PROSECUTOR—In this Tuesday, Sept. 29, 2015 file photo, prosecutor Fatou Bensouda waits for former Congo vice president Jean-Pierre Bemba to enter the court room of the International Criminal Court in The Hague, Netherlands. (AP Photo/Peter Dejong, file) (The Associated Press)

PROSECUTOR—In this Tuesday, Sept. 29, 2015 file photo, prosecutor Fatou Bensouda waits for former Congo vice president Jean-Pierre Bemba to enter the court room of the International Criminal Court in The Hague, Netherlands. (AP Photo/Peter Dejong, file)

THE HAGUE, Netherlands (AP)—When the treaty creating the International Criminal Court was opened for signatories in 1998, Egyptian-born legal scholar Mahmoud Cherif Bassiouni called it “a triumph for all peoples of the world.’’

Fast-forward 18 years, and the lofty ideal of establishing a court that would end impunity for atrocities and deliver justice to victims is reeling from the announced departures of three African member states: Burundi, South Africa and Gambia. Never before has one of the court’s 124 member states quit. Now three have.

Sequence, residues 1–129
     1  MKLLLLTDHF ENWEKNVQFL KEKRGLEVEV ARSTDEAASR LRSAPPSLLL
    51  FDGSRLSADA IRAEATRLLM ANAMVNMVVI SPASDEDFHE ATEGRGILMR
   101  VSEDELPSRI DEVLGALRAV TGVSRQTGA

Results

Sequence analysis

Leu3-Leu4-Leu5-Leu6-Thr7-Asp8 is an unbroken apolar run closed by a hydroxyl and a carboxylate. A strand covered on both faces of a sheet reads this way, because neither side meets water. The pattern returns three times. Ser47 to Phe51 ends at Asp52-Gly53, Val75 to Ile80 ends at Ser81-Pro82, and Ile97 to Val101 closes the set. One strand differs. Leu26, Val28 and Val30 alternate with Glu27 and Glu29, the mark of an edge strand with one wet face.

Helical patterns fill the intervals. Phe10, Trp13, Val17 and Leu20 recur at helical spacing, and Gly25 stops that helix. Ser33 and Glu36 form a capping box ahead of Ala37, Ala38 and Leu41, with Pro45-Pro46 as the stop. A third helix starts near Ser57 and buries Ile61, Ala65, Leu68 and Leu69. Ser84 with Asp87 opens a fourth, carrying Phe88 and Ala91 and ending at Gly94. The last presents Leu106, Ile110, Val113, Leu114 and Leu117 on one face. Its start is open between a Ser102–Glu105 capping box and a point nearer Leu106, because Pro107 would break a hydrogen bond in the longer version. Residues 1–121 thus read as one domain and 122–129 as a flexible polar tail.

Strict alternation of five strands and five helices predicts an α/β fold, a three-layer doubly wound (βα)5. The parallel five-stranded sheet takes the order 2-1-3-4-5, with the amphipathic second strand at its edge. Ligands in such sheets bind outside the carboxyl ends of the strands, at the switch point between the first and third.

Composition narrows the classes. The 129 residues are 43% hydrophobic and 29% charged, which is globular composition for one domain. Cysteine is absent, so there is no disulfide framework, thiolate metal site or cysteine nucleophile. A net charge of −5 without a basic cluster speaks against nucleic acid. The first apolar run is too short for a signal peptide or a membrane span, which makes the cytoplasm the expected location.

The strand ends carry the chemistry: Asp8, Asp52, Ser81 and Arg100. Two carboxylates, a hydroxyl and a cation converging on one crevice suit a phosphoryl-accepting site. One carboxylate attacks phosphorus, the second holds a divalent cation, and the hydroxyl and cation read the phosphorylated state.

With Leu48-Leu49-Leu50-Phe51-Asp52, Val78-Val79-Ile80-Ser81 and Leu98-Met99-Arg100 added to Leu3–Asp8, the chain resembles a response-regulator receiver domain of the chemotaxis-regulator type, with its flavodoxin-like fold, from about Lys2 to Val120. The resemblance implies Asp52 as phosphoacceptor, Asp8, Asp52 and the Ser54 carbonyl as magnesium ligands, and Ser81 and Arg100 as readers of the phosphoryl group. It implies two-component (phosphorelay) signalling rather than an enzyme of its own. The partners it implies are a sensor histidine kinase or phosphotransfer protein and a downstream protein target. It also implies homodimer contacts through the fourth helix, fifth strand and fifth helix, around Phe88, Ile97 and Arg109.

Concerns are growing that more African countries will leave.

The court, which this year moved into a new headquarters in The Hague, long has been accused by some African leaders of bias against their continent. At first glance, it’s easy to see why.

Since the Rome Statute treaty creating the court came into force in 2002, the ICC has convicted only four people of war crimes and crimes against humanity. Three were from Congo and one from Mali.

The court, so far, has indicted only suspects from Africa, ranging from notorious Ugandan warlord Joseph Kony to Sudanese President Omar al-Bashir and late Libyan dictator Moammar Gadhafi. It currently has 10 full-scale investigations underway, with nine in Africa and the other in the former Soviet republic of Georgia.

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